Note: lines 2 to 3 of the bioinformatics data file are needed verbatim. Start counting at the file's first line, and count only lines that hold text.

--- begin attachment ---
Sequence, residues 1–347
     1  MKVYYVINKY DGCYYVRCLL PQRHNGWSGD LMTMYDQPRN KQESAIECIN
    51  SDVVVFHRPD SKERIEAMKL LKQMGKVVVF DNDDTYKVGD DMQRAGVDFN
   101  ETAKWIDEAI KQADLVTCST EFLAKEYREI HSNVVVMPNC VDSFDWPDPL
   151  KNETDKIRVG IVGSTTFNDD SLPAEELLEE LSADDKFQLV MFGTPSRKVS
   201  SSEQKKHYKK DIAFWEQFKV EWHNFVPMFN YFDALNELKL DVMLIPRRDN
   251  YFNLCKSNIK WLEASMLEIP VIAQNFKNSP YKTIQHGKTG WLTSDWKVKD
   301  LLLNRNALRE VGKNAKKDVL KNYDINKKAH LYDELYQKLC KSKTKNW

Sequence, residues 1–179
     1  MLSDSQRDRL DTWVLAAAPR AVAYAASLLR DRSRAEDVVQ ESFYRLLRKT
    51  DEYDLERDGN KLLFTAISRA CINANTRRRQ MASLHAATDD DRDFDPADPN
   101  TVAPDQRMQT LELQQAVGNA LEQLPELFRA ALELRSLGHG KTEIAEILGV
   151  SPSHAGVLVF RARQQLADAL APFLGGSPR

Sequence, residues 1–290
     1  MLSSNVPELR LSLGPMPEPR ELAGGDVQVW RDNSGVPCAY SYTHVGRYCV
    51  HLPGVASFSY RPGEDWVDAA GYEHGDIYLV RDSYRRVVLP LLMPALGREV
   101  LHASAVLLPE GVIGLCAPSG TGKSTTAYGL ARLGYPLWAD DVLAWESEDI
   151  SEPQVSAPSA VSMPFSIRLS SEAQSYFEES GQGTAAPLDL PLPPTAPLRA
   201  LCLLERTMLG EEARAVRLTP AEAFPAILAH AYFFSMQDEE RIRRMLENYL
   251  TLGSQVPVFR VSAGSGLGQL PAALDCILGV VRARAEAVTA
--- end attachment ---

     1  MKVYYVINKY DGCYYVRCLL PQRHNGWSGD LMTMYDQPRN KQESAIECIN
    51  SDVVVFHRPD SKERIEAMKL LKQMGKVVVF DNDDTYKVGD DMQRAGVDFN